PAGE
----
Are LVR restrictions on their way out! Cameron Bagrie comments



ANZ Chief Economist Cameron Bagrie provides some quick answers to topical housing market questions. He concludes 1) that LVR restrictions could be loosened from mid-2018, but likely in a staggered manner; 2) despite the economics (a supply shortage) telling us prices will keep rising in Auckland, the fact that rents haven’t moved to reflect the shortage shows us house prices have been heavily influenced by interest rates and credit – and these factors are set to be less supportive going forward; 3) the banks’ funding gap is still a key indicator and it has closed up, which suggests some of the extreme competitive pressure in the deposit space could ease and the credit wheels could turn a little faster; 4) falling Auckland house prices and rising construction costs could spell trouble in the developer space; and 5) while weaker housing activity has traditionally turned the broader economy lower, that link is expected to be broken to some degree this cycle. Cameron Bagrie

This suggests to us here at Onion that there could still be more value to come out of the Auckland market for buyers. We have already seen some softening but we wouldn't expect the fall to be of any significant scale so keep your eyes peeled for that bargain while the opportuntiy exists. 


Long-term fundamentals (population growth, migration) are going head to head with cyclical drivers (mortgage rates bottoming out, affordability, credit availability and LVR restrictions). While you can’t ignore the fundamentals, cyclical drivers – such as the ability to borrow and at what interest rate – are hugely relevant, particularly when they push the market up a long way in a short space of time. Auckland is the case in point, and we expect the cyclical drivers to work in a reciprocal manner and keep activity constrained, despite an obvious shortage. If rents were rising sharply, we’d have more sympathy for the fundamentals dominating over the coming year. Cameron Bagrie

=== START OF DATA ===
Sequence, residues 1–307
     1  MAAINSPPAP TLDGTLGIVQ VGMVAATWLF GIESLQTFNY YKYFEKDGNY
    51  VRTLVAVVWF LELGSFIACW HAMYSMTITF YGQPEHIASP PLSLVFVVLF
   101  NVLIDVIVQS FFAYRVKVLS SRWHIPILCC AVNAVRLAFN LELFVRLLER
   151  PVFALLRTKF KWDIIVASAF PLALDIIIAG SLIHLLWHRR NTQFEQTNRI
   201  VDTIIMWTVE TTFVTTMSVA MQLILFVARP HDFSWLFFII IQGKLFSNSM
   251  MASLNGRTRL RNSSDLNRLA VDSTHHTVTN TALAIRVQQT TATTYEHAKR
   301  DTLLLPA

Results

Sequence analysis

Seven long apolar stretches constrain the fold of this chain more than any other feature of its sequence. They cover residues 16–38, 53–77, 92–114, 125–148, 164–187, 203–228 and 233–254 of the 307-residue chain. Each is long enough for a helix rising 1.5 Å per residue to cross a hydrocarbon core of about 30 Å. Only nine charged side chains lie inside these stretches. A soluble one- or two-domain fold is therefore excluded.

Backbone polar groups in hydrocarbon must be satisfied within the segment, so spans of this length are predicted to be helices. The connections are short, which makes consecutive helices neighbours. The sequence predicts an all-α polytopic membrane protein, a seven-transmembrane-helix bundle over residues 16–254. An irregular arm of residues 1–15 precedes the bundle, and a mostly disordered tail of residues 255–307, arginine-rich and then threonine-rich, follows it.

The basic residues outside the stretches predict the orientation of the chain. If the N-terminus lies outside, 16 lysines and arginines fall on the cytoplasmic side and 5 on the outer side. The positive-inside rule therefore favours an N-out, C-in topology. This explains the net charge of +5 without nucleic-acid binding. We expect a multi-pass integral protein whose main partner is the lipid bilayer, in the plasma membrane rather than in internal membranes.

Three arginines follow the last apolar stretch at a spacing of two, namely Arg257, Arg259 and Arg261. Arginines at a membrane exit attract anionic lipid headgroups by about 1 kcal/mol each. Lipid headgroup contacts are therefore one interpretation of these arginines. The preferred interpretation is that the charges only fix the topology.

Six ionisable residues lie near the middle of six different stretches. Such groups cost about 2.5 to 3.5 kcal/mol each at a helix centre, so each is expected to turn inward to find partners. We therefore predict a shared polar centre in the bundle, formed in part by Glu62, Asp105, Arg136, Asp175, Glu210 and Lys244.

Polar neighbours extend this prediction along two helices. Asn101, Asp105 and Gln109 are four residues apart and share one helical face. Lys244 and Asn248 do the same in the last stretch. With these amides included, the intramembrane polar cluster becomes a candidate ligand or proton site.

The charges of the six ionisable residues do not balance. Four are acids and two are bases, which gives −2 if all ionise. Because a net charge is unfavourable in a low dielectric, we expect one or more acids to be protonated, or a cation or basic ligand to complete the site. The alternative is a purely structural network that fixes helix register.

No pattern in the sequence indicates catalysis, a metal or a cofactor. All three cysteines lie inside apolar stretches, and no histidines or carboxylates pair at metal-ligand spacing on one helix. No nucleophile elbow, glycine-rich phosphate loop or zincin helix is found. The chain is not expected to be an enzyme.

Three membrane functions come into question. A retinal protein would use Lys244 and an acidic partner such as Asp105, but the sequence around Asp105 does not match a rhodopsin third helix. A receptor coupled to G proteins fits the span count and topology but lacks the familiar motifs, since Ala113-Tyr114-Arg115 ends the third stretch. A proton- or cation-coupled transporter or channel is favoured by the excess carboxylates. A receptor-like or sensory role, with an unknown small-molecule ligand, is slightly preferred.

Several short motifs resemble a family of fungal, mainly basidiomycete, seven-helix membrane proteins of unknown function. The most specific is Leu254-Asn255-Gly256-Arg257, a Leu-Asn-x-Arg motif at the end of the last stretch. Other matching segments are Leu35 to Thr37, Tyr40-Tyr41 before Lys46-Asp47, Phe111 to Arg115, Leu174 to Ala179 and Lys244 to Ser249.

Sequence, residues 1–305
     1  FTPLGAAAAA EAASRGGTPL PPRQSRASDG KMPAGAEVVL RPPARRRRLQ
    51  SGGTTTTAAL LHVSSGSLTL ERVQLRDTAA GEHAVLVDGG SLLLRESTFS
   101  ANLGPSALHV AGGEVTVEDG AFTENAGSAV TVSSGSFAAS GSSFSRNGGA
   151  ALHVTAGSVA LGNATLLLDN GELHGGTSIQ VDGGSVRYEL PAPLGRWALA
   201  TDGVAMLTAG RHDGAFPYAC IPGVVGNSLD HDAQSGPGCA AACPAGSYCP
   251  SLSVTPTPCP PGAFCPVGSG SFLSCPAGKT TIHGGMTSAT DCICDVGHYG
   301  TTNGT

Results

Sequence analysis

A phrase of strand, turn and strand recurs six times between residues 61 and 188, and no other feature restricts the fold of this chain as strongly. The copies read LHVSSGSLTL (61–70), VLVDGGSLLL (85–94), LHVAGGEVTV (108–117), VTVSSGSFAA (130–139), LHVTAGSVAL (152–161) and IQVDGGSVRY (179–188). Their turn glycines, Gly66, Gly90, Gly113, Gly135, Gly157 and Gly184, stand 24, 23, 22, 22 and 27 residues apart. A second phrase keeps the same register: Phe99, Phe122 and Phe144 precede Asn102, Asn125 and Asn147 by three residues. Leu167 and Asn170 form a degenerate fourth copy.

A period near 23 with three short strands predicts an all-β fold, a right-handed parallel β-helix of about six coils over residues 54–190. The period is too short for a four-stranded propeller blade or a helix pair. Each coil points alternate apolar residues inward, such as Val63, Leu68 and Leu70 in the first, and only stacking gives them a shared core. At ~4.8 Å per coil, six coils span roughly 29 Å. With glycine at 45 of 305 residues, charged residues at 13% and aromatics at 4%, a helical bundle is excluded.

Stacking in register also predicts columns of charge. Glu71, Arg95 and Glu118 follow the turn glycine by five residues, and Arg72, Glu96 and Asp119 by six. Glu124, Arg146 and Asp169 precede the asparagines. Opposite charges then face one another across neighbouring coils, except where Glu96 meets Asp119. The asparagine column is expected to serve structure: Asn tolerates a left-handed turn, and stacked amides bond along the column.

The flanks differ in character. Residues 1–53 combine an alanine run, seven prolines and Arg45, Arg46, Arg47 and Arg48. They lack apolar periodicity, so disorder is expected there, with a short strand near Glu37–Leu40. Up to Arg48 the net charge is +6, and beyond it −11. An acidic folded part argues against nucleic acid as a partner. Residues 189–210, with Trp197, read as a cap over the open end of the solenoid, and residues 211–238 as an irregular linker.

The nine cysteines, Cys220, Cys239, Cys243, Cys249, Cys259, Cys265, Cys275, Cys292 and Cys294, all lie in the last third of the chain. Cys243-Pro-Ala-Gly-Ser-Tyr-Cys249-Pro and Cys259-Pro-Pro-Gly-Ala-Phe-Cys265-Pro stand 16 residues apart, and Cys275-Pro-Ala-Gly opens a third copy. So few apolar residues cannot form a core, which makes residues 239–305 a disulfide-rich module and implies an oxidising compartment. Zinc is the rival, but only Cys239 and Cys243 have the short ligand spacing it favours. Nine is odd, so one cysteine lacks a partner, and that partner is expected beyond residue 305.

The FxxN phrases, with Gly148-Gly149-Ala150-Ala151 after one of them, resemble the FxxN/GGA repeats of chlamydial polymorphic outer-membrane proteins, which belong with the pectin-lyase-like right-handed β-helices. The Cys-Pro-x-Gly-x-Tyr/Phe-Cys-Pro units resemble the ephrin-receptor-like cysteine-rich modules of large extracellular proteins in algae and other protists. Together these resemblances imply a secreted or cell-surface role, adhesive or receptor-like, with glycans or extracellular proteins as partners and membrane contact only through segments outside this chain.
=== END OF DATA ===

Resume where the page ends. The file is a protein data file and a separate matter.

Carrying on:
Some key economic drivers have either peaked or are set to peak, and the housing cycle has turned. New drivers will come to fore in the form of commodity prices, fiscal policy and rising household incomes. We expect the economic expansion to extend further, with modest GDP growth over the years ahead. Inflation is expected to remain low and the same applies to the OCR. An extended period of election-related uncertainty is unwelcome and has the ability to derail the economy’s transition from the “old” drivers to the “new”. Cameron Bagrie


Average mortgage rates nudged a little lower in what we call the belly (2-3 year) of the curve but retained the familiar tick-shape. From a pure “lowest is best” assessment, the 1 year rate stands out. Slight movements lower in the 2 and 3 year rates have improved their break-evens but not sufficiently for us to move from favouring the 1 year rate as the sweet spot. Longer-term rates remain very low by historic standards and offer certainty. The downside is that we struggle to see where inflation is going to come from to necessitate major lifts in the OCR. Cameron Bagrie